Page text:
Salaam, and happy Friday!
Don’t worry, I know you are looking at the title and stressing a bit, but no, I’m not advocating men dressing up like Muslim women or some such (that’s not even Islamically allowed).
What I do want to talk about, however, is the fact that we never really talk about how men dress. Everybody can go on for hours about how the sisters need to fix this, that, and the other. They need to stop doing this, they need to start wearing this, and on and on. Imams talk about it in the khutba, men talk about loudly on the street, women whisper about other women.
But what about the standards of modesty for men? Why do we all seem to think that they can run wild and free, wearing whatever?
Were not men mentioned first in the verses of the Qur’an that specifically refer to modesty?
“Tell the believing men to lower their gaze and guard their private parts. That is purer for them. Indeed, Allah is Acquainted with what they do. And tell the believing women to lower their gaze and guard their private parts and not expose their adornment except that which [necessarily] appears thereof and to wrap [a portion of] their head-covers over their chests and not expose their adornment except to their husbands, their fathers, their husbands’ fathers, their sons, their husbands’ sons, their brothers, their brothers’ sons, their sisters’ sons, their women […]”
This is such an understated issue in the community, that when I first converted, I actually thought that there was no specific awrah for men, except the actual “private part” area. But really, men should be covered at all times, from navel to knee, in front of anyone except their spouse. That includes their parents, their kids, their siblings (something I also didn’t know for a long time). And if they have the means to cover further, than that is encouraged.
Plus, the same standards apply as for women’s clothing: it should be loose and not show the shape of the area to be covered, and be opaque so that you can’t see through it.
So what exactly is going on in our ummah with the skin-tight jeans, the sagging pants, kids at the age of puberty still running around naked as the day their were born, shorty shorts, and all of these camel/sheep emulating haircuts that I see on pretty much every man (at least here in Algeria)?
Even here in a Muslim majority country, basic standards of male modesty are not often observed.
Everywhere, men in pants so tight it leaves literally nothing to the imagination.
I went to an extended-family member’s house just recently, and a bunch of kids were sitting around playing video games. Normal enough, until one of the boys stands up, a cousin of my husband around the age of 13, and I find that he is not even wearing pants, just tiny little boxer briefs (that one was a bit traumatic).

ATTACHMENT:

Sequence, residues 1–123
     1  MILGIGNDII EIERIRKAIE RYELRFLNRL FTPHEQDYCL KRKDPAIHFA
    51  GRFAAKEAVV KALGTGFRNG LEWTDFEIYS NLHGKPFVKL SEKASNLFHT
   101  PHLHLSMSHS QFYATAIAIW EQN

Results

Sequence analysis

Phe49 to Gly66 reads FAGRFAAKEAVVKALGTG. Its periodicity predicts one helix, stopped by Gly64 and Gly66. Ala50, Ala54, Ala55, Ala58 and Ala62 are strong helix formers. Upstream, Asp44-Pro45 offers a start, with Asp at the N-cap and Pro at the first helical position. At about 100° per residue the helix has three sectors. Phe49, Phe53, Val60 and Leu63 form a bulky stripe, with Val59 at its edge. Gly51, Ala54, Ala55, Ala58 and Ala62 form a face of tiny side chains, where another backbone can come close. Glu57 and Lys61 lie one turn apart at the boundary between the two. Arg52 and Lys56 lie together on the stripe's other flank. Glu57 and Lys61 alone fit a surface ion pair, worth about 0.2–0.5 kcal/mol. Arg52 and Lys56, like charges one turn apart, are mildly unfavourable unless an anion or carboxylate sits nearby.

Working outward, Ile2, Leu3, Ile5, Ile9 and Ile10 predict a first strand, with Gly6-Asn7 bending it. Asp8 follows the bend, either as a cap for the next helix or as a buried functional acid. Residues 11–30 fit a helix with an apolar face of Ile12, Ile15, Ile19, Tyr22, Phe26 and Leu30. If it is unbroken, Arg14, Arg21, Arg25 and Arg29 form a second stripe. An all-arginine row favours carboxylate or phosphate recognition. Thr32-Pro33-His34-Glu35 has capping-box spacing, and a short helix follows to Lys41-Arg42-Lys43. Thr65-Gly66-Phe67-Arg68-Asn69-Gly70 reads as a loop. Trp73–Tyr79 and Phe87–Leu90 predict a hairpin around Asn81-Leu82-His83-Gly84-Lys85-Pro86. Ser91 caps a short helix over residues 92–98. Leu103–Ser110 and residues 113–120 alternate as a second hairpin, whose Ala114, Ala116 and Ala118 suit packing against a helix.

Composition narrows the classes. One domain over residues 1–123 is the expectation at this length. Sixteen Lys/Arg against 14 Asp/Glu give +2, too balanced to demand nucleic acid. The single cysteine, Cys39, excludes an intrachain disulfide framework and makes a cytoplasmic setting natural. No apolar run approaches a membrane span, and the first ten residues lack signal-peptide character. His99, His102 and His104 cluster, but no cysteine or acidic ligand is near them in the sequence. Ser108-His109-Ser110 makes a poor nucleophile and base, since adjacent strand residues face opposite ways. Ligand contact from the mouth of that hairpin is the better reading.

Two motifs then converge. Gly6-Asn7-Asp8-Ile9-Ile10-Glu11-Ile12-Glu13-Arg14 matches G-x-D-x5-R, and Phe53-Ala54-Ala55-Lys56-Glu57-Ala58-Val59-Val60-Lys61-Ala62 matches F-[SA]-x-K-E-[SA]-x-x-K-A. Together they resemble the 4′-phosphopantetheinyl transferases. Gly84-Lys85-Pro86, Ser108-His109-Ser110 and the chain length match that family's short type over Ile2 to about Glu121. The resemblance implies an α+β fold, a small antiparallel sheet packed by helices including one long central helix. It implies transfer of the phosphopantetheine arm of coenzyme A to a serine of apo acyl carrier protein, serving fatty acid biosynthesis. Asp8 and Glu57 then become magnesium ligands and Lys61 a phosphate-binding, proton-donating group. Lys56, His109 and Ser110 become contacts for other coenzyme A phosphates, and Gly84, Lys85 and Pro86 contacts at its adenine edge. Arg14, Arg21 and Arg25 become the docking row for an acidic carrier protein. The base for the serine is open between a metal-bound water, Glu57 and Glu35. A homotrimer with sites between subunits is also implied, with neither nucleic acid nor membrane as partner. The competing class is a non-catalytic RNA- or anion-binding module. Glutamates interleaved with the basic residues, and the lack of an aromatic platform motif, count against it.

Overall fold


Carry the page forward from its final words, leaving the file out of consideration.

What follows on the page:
The pants sagging is still a thing too; I recently saw a guy with super tight little jeans, and the waist came up to just above his knee. Under those he was wearing slinky athletic shorts, and the waist of those came up to just under his bum. Under those he was wearing the most bright and decorated underwear I have ever seen, and the waist still barely came up to his hips. Ummmmm, what?
Thank goodness my husband has seem my mouth open, I-can’t-even-process-what-I-am-looking-at-right-now face so he knows I’m not looking at some guy for my own enjoyment…
And that isn’t even to mention all the men I see walking around with their hands doing who knows what, and staring women up and down.
These are, coincidentally, the same men who lecture their mothers and their sisters on how to dress, and complain that there is no properly covered woman to be found for marriage.
Which is why it is such an important topic to bring up: Islam makes modesty of both dress and conduct a main branch of piety for both sexes, but unfortunately in our day and age the spotlight (and intense pressure) is directed at only one side of that.
I think there needs to be a gentle reminder, and a call for abandoning the skin tight jeans, for belts to hold pants up at the right height, for t-shirts that don’t have profane slogans or sexy women on them, for haircuts that don’t look like a work of abstract art, for clean, neat appearances while upholding standards of modesty.
And just like with women, that doesn’t take one specific, cultural shape. My husband personally likes to wear a thobe around town, but a three piece suit can hold to the same standards. A salwar kameez or just loose jeans and a t-shirt, it is up to your personal style.
And, even before the external appearance is taken care of, I think there is a lot of work to be done on the internal aspect of practising hijab: the lowering of the gaze, the softening of the speech, the respect towards a woman not as “your mother or your sister or your wife,” but as a fellow human inhabitant of this world, and your sister in Islam.
“Indeed, the Muslim men and Muslim women, the believing men and believing women, the obedient men and obedient women, the truthful men and truthful women, the patient men and patient women, the humble men and humble women, the charitable men and charitable women, the fasting men and the fasting women, the men who guard their private parts and the women who do so, and the men who remember Allah often and the women who do so—for them Allah has prepared forgiveness and a great reward.”